Although other social networking sites have their place and purpose, none of them have the professionally directed power of LinkedIn. Your LinkedIn profile should say everything about who you are professionally.
Google likes LinkedIn. If you have a LinkedIn profile and you typed your name into a Google search, chances are pretty good that you’re LinkedIn entry would appear on the first page — unless you have a really common name like “John Smith,” in which case you could be several Google pages down, but you will be there! Because you’ll “get found,” you want to make sure you have a good LinkedIn profile that makes a positive impact on people who find you and your business there.
Filling in a LinkedIn account feels a lot like putting your resume on-line. However, because Google and other search engines are spidering through LinkedIn, you’ll want to use keywords and keyword phrases throughout your information.
Creating Your LinkedIn Profile
After Googling for your name, the first thing people see in the search results (under the link to your LinkedIn profile) is your Headline, so make it count. It’s also the first description of you they see in your LI profile.
You can certainly use something dry like “Business Owner,” but that doesn’t tell people anything. Use this as an opportunity to sum up your “professional identity” and pique a reader’s interest in a short phrase. Currently, mine is “Builder of Web Presence.” Not great; something I could work on. But if I just said “Owner, Sunstone Solutions,” people would have no idea what type of “solutions” I can provide.
Under your profile block is the Summary section. It’s totally optional and some people skip it and go straight to the Experience section. However, web content professionals recommend adding a personal intro about your goals, what you’re passionate about, etc.
Because I made a career right-turn back in 2005, I used my summary to illustrate how my 25 years of experience at Hewlett-Packard were relevant to creating web sites and how my time since then has been devoted to becoming accomplished in my new field of expertise.
You’ll describe your company under Experience, so you don’t need to do that here unless you do it in such a way that you don’t repeat yourself in the next section.
As you’re writing your summary, use keywords and keyword phrases as much as possible in the Specialties section to showcase your talents.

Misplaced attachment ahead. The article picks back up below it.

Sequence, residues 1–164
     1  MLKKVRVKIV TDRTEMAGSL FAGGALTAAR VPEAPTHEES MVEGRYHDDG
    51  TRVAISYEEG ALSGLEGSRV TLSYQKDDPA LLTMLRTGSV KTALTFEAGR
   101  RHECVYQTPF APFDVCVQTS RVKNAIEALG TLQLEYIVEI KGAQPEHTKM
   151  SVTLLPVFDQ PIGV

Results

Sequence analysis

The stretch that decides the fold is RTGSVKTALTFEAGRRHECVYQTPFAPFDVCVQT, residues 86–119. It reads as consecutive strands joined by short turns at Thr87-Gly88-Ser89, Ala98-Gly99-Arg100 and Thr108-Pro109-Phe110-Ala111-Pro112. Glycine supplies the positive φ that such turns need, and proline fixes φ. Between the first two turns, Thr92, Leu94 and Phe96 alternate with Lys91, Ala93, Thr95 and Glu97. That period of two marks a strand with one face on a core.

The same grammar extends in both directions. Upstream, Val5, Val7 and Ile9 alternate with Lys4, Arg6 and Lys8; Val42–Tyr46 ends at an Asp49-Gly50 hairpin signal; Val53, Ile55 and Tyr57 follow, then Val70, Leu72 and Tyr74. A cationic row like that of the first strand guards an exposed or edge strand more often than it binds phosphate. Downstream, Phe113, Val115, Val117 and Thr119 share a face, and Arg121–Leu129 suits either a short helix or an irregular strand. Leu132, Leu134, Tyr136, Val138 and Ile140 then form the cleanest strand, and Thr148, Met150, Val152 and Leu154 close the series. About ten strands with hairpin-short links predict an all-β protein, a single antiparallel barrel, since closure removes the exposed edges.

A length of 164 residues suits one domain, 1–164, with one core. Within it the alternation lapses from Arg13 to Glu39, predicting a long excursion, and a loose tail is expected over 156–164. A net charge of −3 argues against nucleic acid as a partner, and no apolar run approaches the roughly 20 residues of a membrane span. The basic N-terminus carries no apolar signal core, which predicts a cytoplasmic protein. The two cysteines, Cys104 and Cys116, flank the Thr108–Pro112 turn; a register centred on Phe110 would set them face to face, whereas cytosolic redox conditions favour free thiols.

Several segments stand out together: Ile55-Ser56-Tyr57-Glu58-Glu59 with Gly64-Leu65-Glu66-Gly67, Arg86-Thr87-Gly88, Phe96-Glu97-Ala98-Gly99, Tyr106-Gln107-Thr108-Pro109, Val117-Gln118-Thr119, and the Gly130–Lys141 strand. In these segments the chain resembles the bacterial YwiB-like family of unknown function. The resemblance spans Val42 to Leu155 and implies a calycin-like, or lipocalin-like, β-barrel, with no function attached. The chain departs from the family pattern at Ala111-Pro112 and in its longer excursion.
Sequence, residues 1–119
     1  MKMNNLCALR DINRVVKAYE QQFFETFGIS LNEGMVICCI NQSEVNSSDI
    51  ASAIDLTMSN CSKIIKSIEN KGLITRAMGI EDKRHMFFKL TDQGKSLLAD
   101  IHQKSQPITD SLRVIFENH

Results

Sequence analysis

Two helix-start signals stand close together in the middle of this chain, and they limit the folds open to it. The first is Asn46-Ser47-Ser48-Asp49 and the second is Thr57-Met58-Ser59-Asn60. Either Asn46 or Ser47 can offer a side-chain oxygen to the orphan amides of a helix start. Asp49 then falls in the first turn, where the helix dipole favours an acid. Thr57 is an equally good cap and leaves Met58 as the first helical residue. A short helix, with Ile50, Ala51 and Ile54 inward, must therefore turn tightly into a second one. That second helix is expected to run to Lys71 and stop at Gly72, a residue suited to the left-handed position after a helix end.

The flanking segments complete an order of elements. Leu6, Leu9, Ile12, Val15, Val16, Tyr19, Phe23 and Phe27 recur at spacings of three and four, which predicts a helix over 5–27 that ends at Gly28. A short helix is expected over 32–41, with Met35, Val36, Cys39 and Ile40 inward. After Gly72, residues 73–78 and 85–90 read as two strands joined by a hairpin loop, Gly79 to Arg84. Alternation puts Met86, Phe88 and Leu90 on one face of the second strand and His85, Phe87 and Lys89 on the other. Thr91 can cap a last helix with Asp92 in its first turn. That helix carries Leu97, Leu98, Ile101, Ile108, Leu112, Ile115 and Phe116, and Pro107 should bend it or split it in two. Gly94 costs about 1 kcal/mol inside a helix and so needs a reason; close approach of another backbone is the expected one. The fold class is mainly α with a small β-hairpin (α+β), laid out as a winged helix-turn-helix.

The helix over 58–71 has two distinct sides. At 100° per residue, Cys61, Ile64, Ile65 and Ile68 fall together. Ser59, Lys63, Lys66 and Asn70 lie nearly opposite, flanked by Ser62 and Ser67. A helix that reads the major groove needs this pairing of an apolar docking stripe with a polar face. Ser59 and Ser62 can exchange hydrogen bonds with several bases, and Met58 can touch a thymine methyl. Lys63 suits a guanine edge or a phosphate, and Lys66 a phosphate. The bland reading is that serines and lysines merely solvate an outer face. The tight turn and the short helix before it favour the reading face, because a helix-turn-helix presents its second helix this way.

Your current work experience is important because it is what you are currently doing in business. Summarize what you and your business are about. Without sounding stilted, remember to use keywords and phrases that people would use to search for your type of business.
4. Past Work Experience
This starts to look like the contents of your latest resume. Where possible, play up experience that lends well to your current business.
5. Your Personal Brand
Increase the value of your personal brand by including your Education information and any Honors and Awards you’ve received that are professionally relevant.
Give and get Recommendations. These convey credibility and are one of the best forms of “social proof.” The best way to get recommendations is to give them.
6. Additional Information
Be sure to include websites such as your business’s website, your blog page, your Facebook business page, etc., under Additional Information.
While the information you provide in your profile is very important when trying to create a great first impression, don’t overlook the importance of correct spelling and good grammar. Check it over thoroughly. Have someone else review it for you.
Call to ACTION
Once you’ve created all this great information, don’t leave your reader hanging. Give them a place to go such as a number to call to get a free consultation, how to email you, or where to get more detailed information (your website).
More Information About Your Business on LinkedIn
LinkedIn has another section under the Companies tab where you can provide more details about the products or services provided by your company. After clicking the Companies tab at the top, find the “Add Company” link on the right side of the page. Fill in the appropriate information to get started. On the Company page, you’ll find tabs for “Overview,” “Careers,” “Products & Services” and “Page Statistics.” Fill out the first 3 sections as pertinent to your business.
You can be a little bit sales-y here, but as before, remember to use keywords and phrases as search engines find this stuff, too. HINT: Enter your products and services in the reverse order you want them to appear on the page as each new entry is added to the top, not the bottom. I learned this the hard way and haven’t figured out how to fix this for my products and services without deleting them all and re-entering them.
Join and Follow Groups
Find groups to join and follow in your area of business or industry. (Hover over the Groups link at the top of your account page and select “Groups You May Like.”) When you join groups, you can get updates automatically of any new postings to the group. Participate in discussions. If you decide a group isn’t what you expected, you can leave it and find others.
Link to LinkedIn
You’re a professional. Get on the “professional’s social network.”
Leave your comments below. Tell us how you’ve used LinkedIn for your business.